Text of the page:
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CIGI remains committed to program of research into international law

Waterloo, ONApril 2, 2012 – The Centre for International Governance Innovation remains committed to pursuing a program of research into international law.

Under an agreement signed by CIGI and York University last year, a $60 million, 10-year program would have created 10 research chairs and 20 scholarships jointly. York advised CIGI today that the faculty council at
Osgoode Hall Law School, which would have been a major implementing faculty, decided not to proceed with that plan.

CIGI remains committed to pursuing the objectives which were behind this initiative, including supporting excellence in research.

CIGI will invest in research on a project basis with practitioners, academics and other experts in key areas of international law, including trade and finance, the environment and intellectual property rights.

“These areas of law matter greatly to Canada and Ontario,” said Fred Kuntz, Vice President of Public Affairs at CIGI.  “Canada is a trading nation, Ontario needs to close its productivity gap in value-added manufacturing, and
intellectual property rights and laws are at the epicentre of that.

“This is why we need expertise and sophistication in international law. We're part of a global trade system where agreements and dispute settlement mechanisms matter. In a world where countries use intellectual property or environmental law to protect and promote their interests, if we don’t understand the crossover between economics and sustainability, we could get clobbered.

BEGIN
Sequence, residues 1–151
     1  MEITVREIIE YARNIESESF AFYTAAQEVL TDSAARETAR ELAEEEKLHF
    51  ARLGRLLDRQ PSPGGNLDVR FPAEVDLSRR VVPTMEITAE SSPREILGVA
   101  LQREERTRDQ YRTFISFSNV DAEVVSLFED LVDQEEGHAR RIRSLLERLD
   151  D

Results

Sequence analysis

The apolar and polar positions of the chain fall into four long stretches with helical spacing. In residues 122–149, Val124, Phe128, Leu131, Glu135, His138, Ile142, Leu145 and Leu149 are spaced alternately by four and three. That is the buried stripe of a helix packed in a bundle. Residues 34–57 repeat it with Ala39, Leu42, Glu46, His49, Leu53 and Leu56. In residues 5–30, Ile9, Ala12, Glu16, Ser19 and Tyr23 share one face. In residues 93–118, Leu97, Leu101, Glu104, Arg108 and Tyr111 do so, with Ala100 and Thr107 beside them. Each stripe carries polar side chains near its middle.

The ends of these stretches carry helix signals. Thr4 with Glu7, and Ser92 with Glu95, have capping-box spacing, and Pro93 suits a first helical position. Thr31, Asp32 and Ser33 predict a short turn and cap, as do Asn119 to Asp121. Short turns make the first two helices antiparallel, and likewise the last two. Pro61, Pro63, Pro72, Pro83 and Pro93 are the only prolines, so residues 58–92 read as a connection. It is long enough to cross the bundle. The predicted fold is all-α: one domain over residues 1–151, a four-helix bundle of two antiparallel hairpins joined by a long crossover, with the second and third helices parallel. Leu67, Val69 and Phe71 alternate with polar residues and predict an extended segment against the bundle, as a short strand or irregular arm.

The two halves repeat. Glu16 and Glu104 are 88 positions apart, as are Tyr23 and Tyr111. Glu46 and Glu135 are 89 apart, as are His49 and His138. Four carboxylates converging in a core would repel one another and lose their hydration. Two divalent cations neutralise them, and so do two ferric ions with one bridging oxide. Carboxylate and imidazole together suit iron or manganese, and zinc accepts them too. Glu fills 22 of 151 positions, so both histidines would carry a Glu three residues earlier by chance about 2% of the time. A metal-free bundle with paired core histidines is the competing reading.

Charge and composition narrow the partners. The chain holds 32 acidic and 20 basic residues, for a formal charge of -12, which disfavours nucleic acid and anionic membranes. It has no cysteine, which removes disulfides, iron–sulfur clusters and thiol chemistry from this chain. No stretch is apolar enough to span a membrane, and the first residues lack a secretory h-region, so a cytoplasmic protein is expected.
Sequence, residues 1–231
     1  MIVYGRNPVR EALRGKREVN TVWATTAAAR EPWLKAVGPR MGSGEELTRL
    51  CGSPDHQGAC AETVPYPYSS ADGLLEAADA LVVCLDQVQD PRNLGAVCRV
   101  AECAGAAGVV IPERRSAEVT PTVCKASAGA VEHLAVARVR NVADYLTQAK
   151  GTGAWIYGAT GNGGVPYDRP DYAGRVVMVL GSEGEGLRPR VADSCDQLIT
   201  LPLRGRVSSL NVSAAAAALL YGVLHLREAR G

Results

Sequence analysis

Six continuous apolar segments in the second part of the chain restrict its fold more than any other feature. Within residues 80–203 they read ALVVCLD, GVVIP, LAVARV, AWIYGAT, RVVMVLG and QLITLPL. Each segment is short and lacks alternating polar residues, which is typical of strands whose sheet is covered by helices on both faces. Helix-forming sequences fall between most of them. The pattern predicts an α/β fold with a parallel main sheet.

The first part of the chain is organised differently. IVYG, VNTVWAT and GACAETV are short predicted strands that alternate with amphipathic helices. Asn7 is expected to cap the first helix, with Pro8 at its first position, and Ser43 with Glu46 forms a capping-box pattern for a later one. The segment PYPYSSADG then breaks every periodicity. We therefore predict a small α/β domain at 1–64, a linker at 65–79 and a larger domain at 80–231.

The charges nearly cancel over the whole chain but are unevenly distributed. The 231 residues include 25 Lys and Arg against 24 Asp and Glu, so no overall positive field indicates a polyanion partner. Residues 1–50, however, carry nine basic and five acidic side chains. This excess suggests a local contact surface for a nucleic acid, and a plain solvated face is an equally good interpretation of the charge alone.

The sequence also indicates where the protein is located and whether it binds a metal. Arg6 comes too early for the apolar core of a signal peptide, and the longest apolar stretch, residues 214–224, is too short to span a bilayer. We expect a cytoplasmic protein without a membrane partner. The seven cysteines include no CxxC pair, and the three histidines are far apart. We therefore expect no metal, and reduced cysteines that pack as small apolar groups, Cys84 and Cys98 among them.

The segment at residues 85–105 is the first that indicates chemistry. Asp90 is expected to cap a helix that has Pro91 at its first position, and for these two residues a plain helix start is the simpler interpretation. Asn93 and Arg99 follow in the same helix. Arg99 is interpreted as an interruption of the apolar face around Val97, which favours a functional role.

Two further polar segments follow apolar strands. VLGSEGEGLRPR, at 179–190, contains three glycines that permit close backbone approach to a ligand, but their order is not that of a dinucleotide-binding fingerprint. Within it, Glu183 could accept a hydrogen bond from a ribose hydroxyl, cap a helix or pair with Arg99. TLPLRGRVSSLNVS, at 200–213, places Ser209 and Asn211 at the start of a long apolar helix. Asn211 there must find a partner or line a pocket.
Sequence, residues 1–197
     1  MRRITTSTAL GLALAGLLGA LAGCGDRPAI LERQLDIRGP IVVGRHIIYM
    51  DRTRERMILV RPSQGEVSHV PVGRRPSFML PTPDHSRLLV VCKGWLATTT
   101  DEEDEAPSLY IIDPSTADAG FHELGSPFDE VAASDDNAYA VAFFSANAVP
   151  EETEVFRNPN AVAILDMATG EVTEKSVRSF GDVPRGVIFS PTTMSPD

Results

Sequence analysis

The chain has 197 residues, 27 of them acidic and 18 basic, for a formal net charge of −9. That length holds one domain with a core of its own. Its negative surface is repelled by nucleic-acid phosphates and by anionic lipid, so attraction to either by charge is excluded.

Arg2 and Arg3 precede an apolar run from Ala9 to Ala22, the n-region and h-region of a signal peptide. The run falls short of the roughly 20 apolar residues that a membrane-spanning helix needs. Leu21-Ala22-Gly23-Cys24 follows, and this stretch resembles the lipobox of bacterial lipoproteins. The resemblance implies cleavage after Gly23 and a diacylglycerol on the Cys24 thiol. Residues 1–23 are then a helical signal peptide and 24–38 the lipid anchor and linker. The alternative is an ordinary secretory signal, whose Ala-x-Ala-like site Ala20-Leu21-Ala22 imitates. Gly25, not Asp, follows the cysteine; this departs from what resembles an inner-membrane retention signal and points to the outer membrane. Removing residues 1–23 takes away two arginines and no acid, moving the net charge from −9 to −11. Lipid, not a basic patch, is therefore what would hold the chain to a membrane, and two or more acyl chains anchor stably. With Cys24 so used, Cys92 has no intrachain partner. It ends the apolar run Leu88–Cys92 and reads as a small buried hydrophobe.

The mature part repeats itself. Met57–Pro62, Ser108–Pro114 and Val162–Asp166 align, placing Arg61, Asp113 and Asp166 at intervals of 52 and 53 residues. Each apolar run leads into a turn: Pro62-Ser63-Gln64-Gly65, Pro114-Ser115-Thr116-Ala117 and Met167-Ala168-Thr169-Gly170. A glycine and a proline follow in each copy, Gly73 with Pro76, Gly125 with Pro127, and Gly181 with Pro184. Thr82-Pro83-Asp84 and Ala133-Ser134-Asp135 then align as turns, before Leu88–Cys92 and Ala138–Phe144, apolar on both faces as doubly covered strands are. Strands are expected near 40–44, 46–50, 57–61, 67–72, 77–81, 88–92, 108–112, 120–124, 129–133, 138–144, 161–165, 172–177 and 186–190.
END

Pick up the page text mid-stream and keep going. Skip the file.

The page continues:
“It’s all law – that’s where we codify our agreements.  We need to be on top of our game, if we hope to have prosperity in the future.”

MEDIA CONTACT:
Fred Kuntz, Vice President of Public Affairs, CIGI
Tel: 519.497.5262, Email:  [email protected]

The Centre for International Governance Innovation (CIGI) is an independent, nonpartisan think tank on international governance. Led by experienced practitioners and distinguished academics, CIGI supports research,
forms networks, advances policy debate and generates ideas for multilateral governance improvements. Conducting an active agenda of research, events and publications, CIGI’s interdisciplinary work includes collaboration with policy, business and academic communities around the world. CIGI was founded in 2001 by
philanthropist Jim Balsillie, then co-CEO of Research In Motion, and collaborates with and gratefully acknowledges support from a number of strategic partners, in particular the Government of Canada and the Government of Ontario. For more information, please visit www.cigionline.org.


About the Author

Declan Kelly, former Communications Specialist

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